Comments

Popular posts from this blog

Swedish Flower Hen

The rare Swedish Flower Hen has a unique story. Called Skånsk blommehöna(Bloom Hen) in their native country of Sweden this landrace breed was thought to be extinct in the 1970's. (The term landrace refers to the fact that S.F.H.'s were free to develop for nearly five hundreds years without interference from man, so to speak). But in the late 1980's the Swedish Poultry Country Club located isolated flocks in the villages of Esarp, Tofta and Vomb. The gene bank that was eventually created by the S.P.C.C. was successful and there are approximately 1,300 Swedish Flower Hens currently in Sweden.

While enthusiast of rare breeds continue to work hard to increase the numbers it is painfully obvious why they slowly fell out of favor nearly 100 years ago. Though rare and visually stunning they cannot equal the number of eggs some of the top laying hens produce in a peak yearly cycle. Swedish Flower Hens average around 150 eggs over the course of 12 months. Compare that with the nea…

In Winter

I enjoy winter when it arrives at the homestead. Though the gardens are long since dormant there is still plenty to do.The rabbits and the chickens need constant care. A couple of times a day I have to break ice from the animals water and make sure they have enough warm bedding.

I don't mind though. No matter how cold it gets. There is poetry in the garden during summer. Birds sing with triumphant melody. Soft summer rains baptize new growth. But the winter features a more solitary form of art. For the most part there is a resonating silence that is a canvas for the occasional temperamental gust of wind and snow. These same squalls force the breathe from my lungs and scatter the frozen mist before my eyes. Then, once again, there is silence. As any good steward I try not to disturb this peace. If anything, I try to move unnoticed among it.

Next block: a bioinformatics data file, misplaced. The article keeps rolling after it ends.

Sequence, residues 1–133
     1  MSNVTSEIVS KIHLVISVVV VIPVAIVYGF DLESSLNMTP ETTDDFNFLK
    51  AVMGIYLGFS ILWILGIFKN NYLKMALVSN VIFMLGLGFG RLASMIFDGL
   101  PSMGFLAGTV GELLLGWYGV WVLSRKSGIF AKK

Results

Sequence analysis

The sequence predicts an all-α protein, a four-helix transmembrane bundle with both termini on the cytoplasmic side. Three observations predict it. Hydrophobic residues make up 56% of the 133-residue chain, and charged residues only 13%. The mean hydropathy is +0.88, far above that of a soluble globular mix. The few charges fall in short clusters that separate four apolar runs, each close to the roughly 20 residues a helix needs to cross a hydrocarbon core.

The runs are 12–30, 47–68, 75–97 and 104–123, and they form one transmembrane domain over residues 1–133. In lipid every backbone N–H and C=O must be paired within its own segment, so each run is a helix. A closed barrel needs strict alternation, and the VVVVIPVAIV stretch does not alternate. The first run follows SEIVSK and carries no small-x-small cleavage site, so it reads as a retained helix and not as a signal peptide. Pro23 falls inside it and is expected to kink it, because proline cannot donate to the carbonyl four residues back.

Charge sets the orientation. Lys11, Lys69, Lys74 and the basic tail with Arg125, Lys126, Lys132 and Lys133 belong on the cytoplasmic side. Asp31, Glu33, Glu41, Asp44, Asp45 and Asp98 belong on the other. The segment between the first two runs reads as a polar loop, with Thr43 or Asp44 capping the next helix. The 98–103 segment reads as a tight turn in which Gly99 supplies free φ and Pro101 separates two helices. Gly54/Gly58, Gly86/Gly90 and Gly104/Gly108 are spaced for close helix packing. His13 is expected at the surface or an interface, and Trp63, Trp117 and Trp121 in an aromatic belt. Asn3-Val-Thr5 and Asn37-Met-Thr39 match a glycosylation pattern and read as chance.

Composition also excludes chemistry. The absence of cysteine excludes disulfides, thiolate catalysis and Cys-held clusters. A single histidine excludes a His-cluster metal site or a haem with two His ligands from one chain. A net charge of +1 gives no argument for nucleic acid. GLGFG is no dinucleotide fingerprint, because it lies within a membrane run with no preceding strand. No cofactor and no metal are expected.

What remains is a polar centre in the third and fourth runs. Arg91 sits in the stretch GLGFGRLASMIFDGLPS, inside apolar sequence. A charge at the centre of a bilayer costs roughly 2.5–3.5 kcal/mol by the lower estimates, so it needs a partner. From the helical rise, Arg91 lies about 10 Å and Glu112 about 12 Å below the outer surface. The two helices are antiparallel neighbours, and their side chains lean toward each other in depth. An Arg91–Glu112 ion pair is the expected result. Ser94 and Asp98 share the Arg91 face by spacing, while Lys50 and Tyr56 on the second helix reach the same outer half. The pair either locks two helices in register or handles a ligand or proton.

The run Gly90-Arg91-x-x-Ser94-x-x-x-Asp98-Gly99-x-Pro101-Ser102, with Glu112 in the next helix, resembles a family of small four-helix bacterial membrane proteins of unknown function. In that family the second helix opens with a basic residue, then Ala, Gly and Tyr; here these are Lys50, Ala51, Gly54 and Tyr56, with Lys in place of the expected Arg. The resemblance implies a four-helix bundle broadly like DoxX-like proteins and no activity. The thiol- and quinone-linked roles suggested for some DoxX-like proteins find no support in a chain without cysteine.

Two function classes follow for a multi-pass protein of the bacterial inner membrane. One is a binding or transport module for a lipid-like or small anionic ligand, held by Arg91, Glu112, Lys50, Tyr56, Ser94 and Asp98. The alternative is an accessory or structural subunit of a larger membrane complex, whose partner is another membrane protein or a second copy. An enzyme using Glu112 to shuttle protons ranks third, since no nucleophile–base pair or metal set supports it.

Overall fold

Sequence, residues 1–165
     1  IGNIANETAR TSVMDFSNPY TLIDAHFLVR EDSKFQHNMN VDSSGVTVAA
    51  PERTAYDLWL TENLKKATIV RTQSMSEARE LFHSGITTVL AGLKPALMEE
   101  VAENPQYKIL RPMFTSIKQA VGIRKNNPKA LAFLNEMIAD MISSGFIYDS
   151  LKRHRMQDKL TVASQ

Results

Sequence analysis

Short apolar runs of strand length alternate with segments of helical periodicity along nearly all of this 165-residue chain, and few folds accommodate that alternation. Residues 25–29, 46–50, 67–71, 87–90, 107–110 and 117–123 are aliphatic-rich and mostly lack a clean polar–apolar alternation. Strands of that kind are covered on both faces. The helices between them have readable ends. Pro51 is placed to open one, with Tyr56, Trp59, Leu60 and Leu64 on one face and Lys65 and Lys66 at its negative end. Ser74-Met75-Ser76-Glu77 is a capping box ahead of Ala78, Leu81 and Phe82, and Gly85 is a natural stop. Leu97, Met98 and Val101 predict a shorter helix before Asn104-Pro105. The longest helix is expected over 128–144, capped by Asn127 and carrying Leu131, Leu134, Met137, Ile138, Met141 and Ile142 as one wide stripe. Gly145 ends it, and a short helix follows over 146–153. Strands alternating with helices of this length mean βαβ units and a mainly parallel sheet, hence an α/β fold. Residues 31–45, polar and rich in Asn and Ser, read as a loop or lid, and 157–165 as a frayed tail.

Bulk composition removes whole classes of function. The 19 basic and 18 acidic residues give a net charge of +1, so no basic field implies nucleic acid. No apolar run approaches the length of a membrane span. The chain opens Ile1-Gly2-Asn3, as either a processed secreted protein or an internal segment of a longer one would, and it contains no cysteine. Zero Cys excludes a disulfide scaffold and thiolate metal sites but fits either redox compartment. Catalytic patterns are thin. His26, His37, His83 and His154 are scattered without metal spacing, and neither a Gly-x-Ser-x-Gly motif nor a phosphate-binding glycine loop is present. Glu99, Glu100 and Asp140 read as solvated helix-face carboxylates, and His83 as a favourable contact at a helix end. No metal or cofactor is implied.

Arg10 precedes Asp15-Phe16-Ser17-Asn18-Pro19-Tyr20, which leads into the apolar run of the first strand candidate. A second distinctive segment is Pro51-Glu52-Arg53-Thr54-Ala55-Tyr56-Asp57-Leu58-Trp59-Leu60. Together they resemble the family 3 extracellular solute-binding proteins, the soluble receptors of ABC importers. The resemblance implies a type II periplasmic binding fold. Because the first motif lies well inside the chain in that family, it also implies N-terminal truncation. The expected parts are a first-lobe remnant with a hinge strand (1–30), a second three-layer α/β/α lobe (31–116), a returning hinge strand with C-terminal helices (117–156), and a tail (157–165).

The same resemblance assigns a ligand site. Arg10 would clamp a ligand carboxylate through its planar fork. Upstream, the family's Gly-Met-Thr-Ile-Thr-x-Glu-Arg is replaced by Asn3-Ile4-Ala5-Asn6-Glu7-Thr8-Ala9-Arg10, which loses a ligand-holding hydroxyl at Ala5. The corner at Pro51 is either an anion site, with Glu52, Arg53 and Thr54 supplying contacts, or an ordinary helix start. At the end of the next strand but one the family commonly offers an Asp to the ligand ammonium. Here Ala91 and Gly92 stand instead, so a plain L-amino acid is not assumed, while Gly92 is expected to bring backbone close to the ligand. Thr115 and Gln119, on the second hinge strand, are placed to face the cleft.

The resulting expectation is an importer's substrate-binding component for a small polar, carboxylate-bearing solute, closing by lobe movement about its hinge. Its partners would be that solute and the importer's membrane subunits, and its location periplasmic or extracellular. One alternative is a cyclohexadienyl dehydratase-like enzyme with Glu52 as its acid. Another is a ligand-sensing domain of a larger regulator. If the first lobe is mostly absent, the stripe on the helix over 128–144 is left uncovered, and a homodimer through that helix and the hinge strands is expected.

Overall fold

When it is cold enough the trees will produce an individual moan as they threaten to splinter in the darkness of the woods. They all have their…

The Land of Plenty

The idea that I am about to present to you is certainly nothing new. Wonderful organizations such as Ample HarvestPlant a Row for the Hungry and countless food banks and pantries across the country have been confronting the issue of hunger in our communities head on for some time.

Food insecurity is a cornerstone of the human condition. A little research will lead you to discover a long history of charity in opposition. For example, the seventh century Irish Benedictine monk St. Fiacre who was a master herbalist eventually settled in France and practiced a reverse tithe by keeping 10% of his harvest while giving away 90% to those less fortunate.

Life is complicated, as we all know. There are no easy answers to any of the problems that plague our society but there are some very simple issues that could be addressed that could in turn have a ripple effect on a number of other dilemmas such as poverty, health and even violence.

According to the USDA 40% of the $161 billion dollars’ (yo…